Democrats look at such a development as getting even for six years of being shut out of the final negotiations with the White House and majority Republicans on major
issues like homeland security, tax cuts and the prescription drug program for the elderly.
Recent interviews with some prospective committee chairmen preview the response the White House can expect if Democrats hold the gavels in the House when the
new Congress convenes in January.
"Whatever influence (Republicans) have, it will be more than they have over me," said Rep. Collin Peterson,, who would become chairman of the House Agriculture
Committee. "Because what they have over me will be zero."
Translation: legislative gridlock.
It was not always so. History is full of major breakthroughs in lawmaking during the four decades that Democrats controlled Congress and
Republicans floated in and out of the White House, starting with the Interstate highway program begun during the presidency of Dwight Eisenhower.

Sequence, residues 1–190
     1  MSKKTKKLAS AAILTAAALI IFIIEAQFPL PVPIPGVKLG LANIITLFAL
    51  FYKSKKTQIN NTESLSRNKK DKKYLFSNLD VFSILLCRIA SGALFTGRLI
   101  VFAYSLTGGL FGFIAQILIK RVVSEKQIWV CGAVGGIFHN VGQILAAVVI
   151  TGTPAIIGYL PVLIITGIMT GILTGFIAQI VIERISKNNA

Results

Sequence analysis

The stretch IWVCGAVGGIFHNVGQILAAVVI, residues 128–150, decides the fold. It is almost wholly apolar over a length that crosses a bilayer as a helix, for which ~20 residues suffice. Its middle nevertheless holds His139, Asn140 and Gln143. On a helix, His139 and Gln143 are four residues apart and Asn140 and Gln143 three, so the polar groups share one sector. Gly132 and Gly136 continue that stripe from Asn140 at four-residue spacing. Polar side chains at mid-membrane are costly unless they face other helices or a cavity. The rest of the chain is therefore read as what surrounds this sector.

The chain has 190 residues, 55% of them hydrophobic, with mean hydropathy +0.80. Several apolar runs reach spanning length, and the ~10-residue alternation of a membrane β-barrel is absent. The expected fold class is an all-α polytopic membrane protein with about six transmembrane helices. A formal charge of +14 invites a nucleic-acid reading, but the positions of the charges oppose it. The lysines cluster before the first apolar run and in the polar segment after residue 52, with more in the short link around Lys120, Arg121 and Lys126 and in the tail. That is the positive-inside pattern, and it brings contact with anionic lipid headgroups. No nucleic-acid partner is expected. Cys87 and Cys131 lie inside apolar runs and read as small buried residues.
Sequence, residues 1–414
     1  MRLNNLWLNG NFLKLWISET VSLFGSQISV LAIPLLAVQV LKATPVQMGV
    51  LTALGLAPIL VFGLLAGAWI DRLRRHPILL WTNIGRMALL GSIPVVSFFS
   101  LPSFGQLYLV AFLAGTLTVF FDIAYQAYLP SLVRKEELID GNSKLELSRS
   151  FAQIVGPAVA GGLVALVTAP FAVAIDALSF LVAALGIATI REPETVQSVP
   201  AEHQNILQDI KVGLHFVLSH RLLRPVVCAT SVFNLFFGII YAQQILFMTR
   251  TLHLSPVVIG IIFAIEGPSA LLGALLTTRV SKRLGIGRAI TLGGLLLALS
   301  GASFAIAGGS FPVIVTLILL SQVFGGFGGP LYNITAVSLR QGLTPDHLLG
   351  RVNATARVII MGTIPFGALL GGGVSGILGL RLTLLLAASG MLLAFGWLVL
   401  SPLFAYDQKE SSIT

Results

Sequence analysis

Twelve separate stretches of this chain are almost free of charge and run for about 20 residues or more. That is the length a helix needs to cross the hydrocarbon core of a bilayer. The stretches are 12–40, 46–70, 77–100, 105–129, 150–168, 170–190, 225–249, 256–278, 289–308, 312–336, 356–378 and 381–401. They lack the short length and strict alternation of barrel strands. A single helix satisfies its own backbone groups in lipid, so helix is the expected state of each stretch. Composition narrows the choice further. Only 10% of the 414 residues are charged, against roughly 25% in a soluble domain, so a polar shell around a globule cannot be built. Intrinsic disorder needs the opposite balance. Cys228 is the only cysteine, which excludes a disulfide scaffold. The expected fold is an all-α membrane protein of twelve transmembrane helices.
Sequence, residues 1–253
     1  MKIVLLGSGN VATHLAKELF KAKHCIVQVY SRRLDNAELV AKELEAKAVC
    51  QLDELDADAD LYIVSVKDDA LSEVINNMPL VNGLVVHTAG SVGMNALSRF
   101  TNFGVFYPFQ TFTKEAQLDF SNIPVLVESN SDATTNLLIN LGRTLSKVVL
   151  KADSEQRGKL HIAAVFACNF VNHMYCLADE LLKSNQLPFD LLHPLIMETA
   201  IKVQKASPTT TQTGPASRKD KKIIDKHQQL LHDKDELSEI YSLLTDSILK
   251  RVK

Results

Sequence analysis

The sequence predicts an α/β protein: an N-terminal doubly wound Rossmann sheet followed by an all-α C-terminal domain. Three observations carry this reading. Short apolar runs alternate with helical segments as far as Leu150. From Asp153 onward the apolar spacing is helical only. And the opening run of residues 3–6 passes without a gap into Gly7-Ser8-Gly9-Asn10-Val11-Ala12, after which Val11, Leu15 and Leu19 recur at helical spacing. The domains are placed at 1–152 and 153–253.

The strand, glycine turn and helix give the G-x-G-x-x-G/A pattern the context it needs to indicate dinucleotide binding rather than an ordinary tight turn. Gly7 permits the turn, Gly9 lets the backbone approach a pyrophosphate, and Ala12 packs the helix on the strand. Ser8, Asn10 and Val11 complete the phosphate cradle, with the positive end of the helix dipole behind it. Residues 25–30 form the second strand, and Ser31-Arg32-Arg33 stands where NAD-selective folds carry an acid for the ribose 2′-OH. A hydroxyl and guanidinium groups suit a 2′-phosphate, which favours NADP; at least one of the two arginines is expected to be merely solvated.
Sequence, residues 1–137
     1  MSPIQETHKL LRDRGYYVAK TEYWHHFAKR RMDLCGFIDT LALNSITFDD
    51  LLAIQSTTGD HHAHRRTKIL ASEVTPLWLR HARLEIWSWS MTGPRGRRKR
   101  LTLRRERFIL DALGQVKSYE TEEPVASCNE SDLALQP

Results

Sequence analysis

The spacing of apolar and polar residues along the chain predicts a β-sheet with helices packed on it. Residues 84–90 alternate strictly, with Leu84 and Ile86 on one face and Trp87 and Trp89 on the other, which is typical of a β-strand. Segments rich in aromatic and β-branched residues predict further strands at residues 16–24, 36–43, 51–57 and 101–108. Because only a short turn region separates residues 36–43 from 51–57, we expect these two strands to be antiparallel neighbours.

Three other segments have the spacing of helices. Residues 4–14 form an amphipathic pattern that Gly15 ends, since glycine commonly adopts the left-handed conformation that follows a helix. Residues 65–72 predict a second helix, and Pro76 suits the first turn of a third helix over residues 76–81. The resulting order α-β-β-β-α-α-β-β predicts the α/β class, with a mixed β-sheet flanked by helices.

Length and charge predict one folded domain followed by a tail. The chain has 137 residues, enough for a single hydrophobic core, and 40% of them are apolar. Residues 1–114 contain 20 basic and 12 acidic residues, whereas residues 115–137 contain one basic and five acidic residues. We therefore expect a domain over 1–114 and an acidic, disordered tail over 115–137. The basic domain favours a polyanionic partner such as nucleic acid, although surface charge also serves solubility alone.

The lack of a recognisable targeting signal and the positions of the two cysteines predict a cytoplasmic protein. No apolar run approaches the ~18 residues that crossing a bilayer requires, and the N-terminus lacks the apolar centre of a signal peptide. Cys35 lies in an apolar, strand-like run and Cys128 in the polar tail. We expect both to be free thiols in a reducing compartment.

President Richard Nixon signed into law major environmental protection policies negotiated with Democratic majorities in Congress. In
Ronald Reagan's presidency, a Democratic House passed legislation sustaining the government pension plan for another three decades.
A key deficit reduction program and the Americans With Disabilities Act became law when Democrats ran the Congress and Bush's father
was president.>

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Bush must cooperate with Democrats to push his agenda.

Chicago Tribune, 6 (Mark Silva, 11-8-2006, “Bush’s Tough Hand,”


http://weblogs.chicagotribune.com/news/politics/blog/2006/11/bushs_capital_is_spent.html#more) // THK

<With his party’s loss of the House, experts say, Bush must fundamentally alter the way he approaches Congress for any hope of